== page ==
Technology is not going away, rather it is coming down the tracks at a very fast speed, changing every minute, adding more and more to our lives every day.  We rely upon technology to talk on the phone, Skype with our loved ones, research our college topics, research our favorite recipes, find blue prints to fix the engine in our old model car, the list goes on and on.

As an instructional designer, the understanding of the various learning theories aides in our development of curriculum which is aimed at engaging the learner, at their unique learning level and learning style, and raising that learning higher in order to elevate their understanding of theoretical, abstract understanding, and actual application.  Through the understanding and application of the various learning theories, the instructional designer provides multiple pathways of understanding for the learner which will allow for transference into methodology and practical application, because the learner will truly appreciate the concept and application.

References:

Ormrod, J., Schunk, D., & Gredler, M (2009). Learning theories and instruction (Laureate custom edition). New York: Pearson .

eLearning and Tools of the Trade – where oh where have my university library days gone?

Technology and all its glamour is at times, tedious. Seems to me that all of this elearning and eliving can be problematic for the “older” learner. We grew up in the day of the card catalogue as our search engine; wrote down the location of the book or periodical, and then, armed with at least $30 in dimes and our personal stapler, stood in line at the university library copy machine, ready to make our copies that we could then mark up and highlight to our heart’s content. Now, I am forced to utilize technology to learn, and I am even more disgusted with myself that I want to be one of the people who actually help others learn this way! How do I do that if I can’t conquer my own fears? Every week I am forced to face those fears and try to maneuver through the web in search of an answer to my professor’s weekly punishment – or is that assignment? At this point, it is one in the same.

As I sat at my laptop, and typed the key words into the search engine and began trolling through the pages, it occurred to me, that I only wanted to rely upon things that were relevant in terms of research chronology. Things over 10 years would be, I imagine, considered archaic in the land of technology. So my scope became limited not due to the assignment parameters, but due to my personal ones. I only wanted up-to-date information, because that would yield me the most relevant information, right?  Hopefully!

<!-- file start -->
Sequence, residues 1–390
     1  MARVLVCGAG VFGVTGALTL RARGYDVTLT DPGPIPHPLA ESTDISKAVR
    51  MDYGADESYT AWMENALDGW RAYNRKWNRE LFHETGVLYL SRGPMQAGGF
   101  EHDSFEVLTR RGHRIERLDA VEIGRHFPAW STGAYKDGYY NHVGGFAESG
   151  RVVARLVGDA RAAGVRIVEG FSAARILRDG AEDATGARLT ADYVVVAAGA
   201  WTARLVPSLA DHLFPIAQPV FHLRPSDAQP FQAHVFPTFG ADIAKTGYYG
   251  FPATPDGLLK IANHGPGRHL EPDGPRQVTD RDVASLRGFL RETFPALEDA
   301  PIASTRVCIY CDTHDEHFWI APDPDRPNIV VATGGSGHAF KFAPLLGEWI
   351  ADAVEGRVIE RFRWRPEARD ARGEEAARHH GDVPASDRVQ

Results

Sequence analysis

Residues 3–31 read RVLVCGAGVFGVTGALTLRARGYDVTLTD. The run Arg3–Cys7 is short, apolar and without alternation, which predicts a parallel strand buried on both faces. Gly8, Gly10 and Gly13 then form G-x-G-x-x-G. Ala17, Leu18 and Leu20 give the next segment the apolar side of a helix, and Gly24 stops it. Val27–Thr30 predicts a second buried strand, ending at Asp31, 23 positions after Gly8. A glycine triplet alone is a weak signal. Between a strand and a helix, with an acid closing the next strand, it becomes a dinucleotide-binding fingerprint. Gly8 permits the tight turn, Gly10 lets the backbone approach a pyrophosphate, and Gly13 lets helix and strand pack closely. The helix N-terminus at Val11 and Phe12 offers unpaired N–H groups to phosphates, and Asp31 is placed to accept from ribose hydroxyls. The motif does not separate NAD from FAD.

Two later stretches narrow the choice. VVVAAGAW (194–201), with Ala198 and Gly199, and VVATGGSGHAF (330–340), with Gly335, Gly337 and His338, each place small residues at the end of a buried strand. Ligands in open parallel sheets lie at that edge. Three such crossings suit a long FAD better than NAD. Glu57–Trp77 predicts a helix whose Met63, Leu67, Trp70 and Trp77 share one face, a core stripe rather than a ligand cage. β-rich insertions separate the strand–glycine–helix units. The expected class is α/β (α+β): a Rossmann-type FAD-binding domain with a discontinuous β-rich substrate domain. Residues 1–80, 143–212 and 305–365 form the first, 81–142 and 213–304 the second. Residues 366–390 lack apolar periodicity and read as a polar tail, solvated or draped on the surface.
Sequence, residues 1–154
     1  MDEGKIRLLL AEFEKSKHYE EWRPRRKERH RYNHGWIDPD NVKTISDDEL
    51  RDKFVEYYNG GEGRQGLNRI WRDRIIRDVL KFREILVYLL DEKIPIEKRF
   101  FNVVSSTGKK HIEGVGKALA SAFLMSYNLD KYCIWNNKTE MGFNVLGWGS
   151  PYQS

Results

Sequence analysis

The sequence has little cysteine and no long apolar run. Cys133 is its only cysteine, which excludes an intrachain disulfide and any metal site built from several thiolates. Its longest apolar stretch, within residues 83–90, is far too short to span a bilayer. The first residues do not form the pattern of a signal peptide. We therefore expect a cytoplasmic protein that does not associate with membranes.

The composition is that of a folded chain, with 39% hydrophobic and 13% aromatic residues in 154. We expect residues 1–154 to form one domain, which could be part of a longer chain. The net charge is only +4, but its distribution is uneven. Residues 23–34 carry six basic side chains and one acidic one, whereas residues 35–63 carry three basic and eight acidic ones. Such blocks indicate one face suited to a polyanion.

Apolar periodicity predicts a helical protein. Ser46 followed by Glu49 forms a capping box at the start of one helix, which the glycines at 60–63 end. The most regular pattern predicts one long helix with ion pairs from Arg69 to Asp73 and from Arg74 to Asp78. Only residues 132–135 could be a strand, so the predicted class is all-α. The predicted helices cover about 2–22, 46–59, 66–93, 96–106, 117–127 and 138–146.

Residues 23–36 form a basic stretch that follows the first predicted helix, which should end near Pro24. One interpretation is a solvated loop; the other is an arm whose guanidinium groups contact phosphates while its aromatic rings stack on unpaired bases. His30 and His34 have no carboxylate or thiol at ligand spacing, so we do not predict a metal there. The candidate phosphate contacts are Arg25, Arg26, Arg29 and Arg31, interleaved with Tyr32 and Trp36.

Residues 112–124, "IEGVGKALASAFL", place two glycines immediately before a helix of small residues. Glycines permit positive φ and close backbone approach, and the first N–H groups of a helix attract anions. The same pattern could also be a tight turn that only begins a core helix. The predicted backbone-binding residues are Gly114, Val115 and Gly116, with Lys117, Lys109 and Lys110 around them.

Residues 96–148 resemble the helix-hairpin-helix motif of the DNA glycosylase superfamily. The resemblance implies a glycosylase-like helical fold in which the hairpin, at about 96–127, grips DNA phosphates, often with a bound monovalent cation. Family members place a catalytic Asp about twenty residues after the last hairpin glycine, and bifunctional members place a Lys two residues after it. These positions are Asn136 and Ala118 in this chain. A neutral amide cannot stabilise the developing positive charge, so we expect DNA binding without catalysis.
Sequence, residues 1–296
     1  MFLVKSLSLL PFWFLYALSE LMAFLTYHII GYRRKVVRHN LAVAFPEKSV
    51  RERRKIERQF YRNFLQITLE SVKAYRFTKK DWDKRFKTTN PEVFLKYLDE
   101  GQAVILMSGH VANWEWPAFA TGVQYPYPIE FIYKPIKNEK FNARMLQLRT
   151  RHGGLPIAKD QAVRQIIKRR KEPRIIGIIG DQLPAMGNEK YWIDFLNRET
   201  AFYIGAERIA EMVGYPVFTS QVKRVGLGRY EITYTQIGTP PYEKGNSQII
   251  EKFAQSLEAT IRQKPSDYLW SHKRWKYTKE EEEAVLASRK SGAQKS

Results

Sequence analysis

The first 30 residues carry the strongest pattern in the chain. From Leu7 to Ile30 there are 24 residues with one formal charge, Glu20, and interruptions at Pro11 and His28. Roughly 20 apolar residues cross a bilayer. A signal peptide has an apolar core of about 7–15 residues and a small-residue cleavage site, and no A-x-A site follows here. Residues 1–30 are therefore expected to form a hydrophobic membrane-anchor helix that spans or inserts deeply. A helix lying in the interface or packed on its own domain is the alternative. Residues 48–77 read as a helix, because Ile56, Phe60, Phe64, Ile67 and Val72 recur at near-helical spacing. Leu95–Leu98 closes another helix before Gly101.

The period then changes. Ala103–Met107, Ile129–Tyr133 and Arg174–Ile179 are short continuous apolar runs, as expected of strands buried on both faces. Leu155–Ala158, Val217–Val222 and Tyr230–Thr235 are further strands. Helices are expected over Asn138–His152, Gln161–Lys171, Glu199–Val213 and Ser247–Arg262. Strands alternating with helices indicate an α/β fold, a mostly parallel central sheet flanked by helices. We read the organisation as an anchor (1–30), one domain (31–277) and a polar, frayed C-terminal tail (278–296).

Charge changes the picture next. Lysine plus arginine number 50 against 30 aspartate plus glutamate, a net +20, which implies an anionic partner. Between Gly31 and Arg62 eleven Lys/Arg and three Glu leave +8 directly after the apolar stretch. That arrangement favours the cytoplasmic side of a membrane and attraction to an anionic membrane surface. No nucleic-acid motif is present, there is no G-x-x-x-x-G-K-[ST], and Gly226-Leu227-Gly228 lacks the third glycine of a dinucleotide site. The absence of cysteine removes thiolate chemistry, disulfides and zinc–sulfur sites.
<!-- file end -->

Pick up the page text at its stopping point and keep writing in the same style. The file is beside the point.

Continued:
In her online blog site, theelearningcoach.com, Connie Malamed talks about what it is to be in instructional designer. By joining her website I was “gifted” with a free download of her book “No More Spilled Ink Writing for Instructional Design.” Topics of podcasts, edesigns, digital badges, all of the latest “catch” phrases are discussed. One article highlighted discussed the emerging roles of the learning designer.  Within this article, the idea of “constant innovation and disruption” are dealt with as the “new normal” of our world (Malamed, 2014). The perfect storm is built around the ever-changing world of work and the use of learning new concepts related to the work place, though the elearning environment. Interestingly, it is purported that by the time you finish your four year degree in college, the information you learned is already outdated. Not something that the repayment of a student loan makes you feel warm and fuzzy about! We want to think that our money is well spent on our education, not already outdated.

The role of the learner is grouped into three categories: learning support role, empowerment role, and the change agent role. And by working through these roles, powerful, yet meaningful contributions can be made to the learner through thoughtful and meaningful instruction.

Articles are great, but I found the iPhone application that she developed was even more beneficial to me. I live with my iPhone attached to me at all times.  My husband had threatened to steal it from me in order to gain my attention, but I have threatened him with death should he even attempt it. Nonetheless, I down loaded the app “Instructional Design Guru” which highlights terminology, cognitive psychology, instructional design, legal aspects, multimedia, social media, online learning, and technical applications. I found this little gem to be a beneficial purchase and plan on exploring it even more during my insomnia laden nights.